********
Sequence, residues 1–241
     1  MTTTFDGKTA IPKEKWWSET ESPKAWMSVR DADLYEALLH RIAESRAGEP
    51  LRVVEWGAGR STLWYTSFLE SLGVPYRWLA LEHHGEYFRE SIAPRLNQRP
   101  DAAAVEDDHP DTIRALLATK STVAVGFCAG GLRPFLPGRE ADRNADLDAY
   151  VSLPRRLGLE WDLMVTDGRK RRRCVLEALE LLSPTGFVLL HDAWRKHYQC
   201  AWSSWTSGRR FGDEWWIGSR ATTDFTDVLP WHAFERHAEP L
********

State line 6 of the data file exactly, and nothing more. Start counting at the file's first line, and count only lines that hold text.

   201  AWSSWTSGRR FGDEWWIGSR ATTDFTDVLP WHAFERHAEP L